A large Chinese armorial oval fruit dish for the Dutch Market (Crommelin of Amsterdam). Qianlong period
Of oval form, decorated in the famille rose palette with sprays of flowers, with upright and undulating rim, with two flat moulded handles at the ends, the coat of arms of the Crommelin to the center of the dish, in an asymmetrical shield in rococo style, impaled, 1. on a blue background a white (gold) fleur-de-lis, with a checquered border of blue and gold, 2. on a white (silver) background a red chevron with three gold (black) martlets (two-one). It is surrounded by a rocaillerie cartouche of shell, scrolls and branches, a coronet above.
- Period :
- Qianlong (1735-1795), ca. 1765
- 18.89 in. (48 cm)
- Reference :
From a collection of the West of France
This “oval fruit dish” form (or serving dish) is also known on two others famous armorial services for the Dutch market, the “Feith” service, and the “Van Hardenbroek II” service, both of them made also circa 1760.
This serving dish is part of a dinner service. A tureen and its platter are illustrated by Dr. Jochem Kroes in Chinese Armorial Porcelain for the Dutch Market, W Books, 2008, pp.453-455 , no. 377.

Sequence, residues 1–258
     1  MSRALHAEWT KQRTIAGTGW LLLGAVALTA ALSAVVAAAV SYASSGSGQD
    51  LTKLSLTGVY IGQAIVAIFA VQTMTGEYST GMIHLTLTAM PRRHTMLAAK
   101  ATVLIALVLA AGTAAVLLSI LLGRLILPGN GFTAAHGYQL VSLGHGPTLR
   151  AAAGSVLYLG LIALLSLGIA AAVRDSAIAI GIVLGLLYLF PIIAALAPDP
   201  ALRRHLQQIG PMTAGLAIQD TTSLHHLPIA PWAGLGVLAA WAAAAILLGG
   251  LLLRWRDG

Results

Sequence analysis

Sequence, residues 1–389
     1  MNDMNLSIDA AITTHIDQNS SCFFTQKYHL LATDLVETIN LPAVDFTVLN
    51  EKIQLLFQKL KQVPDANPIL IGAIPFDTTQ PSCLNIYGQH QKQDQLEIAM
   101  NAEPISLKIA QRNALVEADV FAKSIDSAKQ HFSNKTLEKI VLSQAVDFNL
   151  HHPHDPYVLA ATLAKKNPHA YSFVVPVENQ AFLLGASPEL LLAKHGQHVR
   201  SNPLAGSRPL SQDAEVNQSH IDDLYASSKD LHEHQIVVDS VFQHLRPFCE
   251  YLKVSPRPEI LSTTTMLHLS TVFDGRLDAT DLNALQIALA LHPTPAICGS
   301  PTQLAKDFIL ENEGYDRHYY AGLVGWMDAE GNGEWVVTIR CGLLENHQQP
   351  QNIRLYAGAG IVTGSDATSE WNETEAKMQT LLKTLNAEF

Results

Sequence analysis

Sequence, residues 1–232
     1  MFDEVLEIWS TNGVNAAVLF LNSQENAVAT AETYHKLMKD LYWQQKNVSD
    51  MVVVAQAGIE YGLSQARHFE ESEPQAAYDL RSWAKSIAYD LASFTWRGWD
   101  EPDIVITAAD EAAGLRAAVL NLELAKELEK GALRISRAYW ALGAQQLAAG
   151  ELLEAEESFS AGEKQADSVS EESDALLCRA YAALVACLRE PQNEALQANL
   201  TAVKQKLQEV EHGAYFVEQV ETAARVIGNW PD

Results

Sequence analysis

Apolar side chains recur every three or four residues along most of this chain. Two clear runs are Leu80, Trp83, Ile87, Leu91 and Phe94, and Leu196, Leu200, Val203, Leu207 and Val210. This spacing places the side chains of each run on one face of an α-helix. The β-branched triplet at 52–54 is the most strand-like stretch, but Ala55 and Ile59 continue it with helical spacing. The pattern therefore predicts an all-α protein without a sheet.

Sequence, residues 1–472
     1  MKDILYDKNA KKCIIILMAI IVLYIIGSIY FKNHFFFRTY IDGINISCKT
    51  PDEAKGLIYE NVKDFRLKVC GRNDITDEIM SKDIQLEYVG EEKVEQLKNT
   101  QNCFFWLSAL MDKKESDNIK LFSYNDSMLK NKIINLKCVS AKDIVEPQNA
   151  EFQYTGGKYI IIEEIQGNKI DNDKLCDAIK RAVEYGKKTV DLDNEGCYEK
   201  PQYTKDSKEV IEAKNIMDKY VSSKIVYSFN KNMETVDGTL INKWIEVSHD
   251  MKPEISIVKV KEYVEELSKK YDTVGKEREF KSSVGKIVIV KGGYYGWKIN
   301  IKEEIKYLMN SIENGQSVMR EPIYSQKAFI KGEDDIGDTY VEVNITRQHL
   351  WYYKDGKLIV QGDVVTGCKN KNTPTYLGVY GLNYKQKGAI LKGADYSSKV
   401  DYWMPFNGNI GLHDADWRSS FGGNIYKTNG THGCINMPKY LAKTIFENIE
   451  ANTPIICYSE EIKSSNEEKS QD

A large part of this service is in on display in Zypendaal House (Arnhem, The Netherlands) and Cannenburch House (Vaassen, The Netherlands).
The impaled Crommelin arms were recorded for the first time on a seal of 1738 used by Christina Crommelin (1697-1769). The sinister part wth the chevron and martlets are the original coat of arms. Tradition has it that dexter part with the fleur-de-lis was added to the Crommelin arms by permission of the French King Henri IV (1553-1610) in 1596. The Crommelin family is of Flemish origin and from 1579 in St. Quentin, Picardy. From the early 1600’s, members of this family moved to Middelburg and Haarlem as cloth merchants.
This service must have been commissioned by Daniel Crommelin (1707-1789) and his son Robert Crommelin (1741-1808). Daniel’s Father, Charles was born in Paris and became a merchant in New York. He married to an american girl, Anne Sinclair (1691-1743). Daniel emigrated to the Netherlands, first to Rotterdam as a merchant, later living in Amsterdam. He was the founder of the firm Daniël Crommelin & Soonen which became very successful because its trade with the West Indies and America. In the late 18th century, this firm was one of the largest in Amsterdam (its capital totaling over two million guilders). Like his father, Robert became a very rich man living in several fashionable houses at the Herengracht in Amsterdam. He also owned a country seat in Muiderberg, Hofrust House.
Daniel seated in a domed room at Hofrust (Muiderberg) with his wife, Marie le Plastrier, surrounded by their five surviving children, circa 1753/54